My heart, however, is set on the sickly yellow ’80 Moskvich, with bright red “whore’s boudoir” velour upholstery that is also being offered at the moment.

  • avatar

    You can’t fool me, Corey Lewis, been a Citroen fan since I was a kid, THIS is a Peugeot

  • avatar

    Wow, this oddball car is pretty close to me. I might have to go check it out some Sunday. The guy that owns Motorland apparently wants to open the dealership as a museum with a Tucker as the signature attraction.

  • avatar

    Back in the early 60s when I was a kid, I mowed grass for a guy who had two Citroen DS cars. He was a high school “shop” teacher and quite a good mechanic. One or both of the cars was always up on jack stands being worked on. His Economy garden tractor was far more reliable.
    I will say the front wheel drive (very rare back then) and jacked up ride height was quite useful for Cleveland winters.

  • avatar

    Did someone lift that or is it an awkward height on purpose?

  • avatar


  • avatar

    In Ireland, my dad had a couple of these, I remember them being very comfortable and practical but very flimsy interior. The Americans on his construction site called the later one a “James Bond car” because of the adjustable suspension and because the angular styling looked quite stealth-like in black.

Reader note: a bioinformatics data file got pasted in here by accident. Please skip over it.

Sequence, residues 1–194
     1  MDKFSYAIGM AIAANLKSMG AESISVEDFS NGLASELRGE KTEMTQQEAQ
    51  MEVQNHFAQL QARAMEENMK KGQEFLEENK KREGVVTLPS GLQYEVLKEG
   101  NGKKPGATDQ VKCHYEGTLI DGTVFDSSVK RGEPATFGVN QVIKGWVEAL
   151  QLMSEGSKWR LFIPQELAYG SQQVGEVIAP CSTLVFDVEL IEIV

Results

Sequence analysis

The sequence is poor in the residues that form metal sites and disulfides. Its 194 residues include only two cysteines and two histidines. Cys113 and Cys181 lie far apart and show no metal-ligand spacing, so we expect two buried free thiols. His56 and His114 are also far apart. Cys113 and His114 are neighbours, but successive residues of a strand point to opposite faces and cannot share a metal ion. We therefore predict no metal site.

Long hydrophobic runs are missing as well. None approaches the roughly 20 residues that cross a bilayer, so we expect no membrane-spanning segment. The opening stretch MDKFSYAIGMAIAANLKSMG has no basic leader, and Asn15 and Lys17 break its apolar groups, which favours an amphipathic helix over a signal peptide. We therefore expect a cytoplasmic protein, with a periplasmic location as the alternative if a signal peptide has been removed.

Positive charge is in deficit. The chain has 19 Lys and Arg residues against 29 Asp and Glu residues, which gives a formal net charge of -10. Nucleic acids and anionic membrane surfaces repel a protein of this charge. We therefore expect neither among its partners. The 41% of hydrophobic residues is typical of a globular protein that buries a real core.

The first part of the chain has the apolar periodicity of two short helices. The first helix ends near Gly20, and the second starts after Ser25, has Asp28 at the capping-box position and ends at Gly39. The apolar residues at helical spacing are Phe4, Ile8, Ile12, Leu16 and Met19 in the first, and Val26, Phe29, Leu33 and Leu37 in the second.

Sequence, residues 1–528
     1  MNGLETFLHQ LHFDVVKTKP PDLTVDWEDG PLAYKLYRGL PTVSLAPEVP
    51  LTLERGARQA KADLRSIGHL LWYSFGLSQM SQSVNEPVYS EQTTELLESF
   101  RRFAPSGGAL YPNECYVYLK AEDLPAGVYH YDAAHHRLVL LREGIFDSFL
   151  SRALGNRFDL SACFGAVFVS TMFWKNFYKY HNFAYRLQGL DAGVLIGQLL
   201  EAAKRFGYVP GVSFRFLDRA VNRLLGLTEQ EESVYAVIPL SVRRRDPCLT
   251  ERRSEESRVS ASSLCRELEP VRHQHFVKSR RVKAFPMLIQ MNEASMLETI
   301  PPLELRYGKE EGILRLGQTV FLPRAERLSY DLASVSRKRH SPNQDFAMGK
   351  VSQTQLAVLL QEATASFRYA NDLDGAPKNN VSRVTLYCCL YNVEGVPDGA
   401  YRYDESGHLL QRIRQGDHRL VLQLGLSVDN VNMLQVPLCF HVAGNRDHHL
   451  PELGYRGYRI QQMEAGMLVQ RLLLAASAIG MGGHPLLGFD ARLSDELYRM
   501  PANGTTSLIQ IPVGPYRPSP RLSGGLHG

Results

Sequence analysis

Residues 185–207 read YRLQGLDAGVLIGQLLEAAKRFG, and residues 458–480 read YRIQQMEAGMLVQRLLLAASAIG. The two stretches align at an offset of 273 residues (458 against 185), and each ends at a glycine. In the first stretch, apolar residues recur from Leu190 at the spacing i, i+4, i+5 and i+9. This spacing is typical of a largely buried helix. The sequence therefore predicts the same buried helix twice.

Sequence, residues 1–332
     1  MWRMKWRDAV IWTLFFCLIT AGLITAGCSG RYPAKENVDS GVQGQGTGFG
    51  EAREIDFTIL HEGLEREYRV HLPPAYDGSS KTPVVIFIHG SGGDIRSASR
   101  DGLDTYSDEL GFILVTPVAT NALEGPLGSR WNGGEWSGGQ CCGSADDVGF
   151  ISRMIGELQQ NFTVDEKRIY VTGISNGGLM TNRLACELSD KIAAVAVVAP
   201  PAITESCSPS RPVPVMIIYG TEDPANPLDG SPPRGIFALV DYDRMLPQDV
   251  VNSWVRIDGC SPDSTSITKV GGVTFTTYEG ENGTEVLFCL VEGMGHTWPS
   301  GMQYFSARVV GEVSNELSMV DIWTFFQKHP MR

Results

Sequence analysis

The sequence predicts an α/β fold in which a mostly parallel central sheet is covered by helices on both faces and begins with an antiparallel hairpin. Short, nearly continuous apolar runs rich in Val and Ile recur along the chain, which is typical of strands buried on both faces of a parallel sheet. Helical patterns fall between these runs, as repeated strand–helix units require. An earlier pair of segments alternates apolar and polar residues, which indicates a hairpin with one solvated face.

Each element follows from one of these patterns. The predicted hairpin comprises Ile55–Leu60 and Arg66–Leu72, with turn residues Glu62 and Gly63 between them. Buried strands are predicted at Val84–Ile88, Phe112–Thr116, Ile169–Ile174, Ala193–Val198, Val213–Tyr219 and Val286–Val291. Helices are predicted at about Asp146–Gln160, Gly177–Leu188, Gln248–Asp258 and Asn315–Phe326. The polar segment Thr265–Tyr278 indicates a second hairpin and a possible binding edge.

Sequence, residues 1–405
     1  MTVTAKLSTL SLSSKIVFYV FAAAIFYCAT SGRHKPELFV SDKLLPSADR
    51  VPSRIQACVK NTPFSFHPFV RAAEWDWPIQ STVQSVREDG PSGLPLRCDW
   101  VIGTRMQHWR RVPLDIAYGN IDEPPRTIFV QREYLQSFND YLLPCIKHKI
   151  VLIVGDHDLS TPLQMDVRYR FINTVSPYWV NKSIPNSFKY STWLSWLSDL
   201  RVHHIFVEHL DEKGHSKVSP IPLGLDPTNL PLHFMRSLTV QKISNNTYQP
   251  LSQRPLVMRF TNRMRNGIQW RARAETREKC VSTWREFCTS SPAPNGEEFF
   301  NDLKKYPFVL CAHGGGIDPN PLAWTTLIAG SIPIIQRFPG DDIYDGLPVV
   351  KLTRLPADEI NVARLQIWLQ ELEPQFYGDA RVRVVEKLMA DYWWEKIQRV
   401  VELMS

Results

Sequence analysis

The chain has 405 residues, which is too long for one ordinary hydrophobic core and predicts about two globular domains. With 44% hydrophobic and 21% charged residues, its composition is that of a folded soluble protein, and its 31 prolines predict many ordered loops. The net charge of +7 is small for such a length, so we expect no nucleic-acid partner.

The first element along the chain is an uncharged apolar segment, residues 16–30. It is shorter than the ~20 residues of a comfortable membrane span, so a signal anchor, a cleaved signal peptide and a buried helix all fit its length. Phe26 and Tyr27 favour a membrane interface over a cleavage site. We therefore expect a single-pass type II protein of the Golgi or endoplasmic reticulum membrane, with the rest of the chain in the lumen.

I had the replacement, the Xantia. It had a plate in the engine bay explicitly forbidding export to the US, I guess because of the bumper height regulations that effectively banned adjustable suspension.

Read all comments

Back to TopLeave a Reply

You must be logged in to post a comment.

Recent Comments

  • EBFlex: “Another thing is that I sneak up on deer all the time on my mountain bike.” No….you...
  • EBFlex: ORV is just off road vehicle. A more broad term than ATV or UTV. And again, those are not analogous. Those...
  • Kenn: When I walked by the open door of the GM’s office at a SoCal Toyota dealer, the day I took delivery of my...
  • slavuta: Before traveling to space he could take care of public transport. You should like this...
  • ToolGuy: I spend that $169/year on washer fluid and oil filters instead.

New Car Research

Get a Free Dealer Quote

Who We Are

  • Adam Tonge
  • Bozi Tatarevic
  • Corey Lewis
  • Jo Borras
  • Mark Baruth
  • Ronnie Schreiber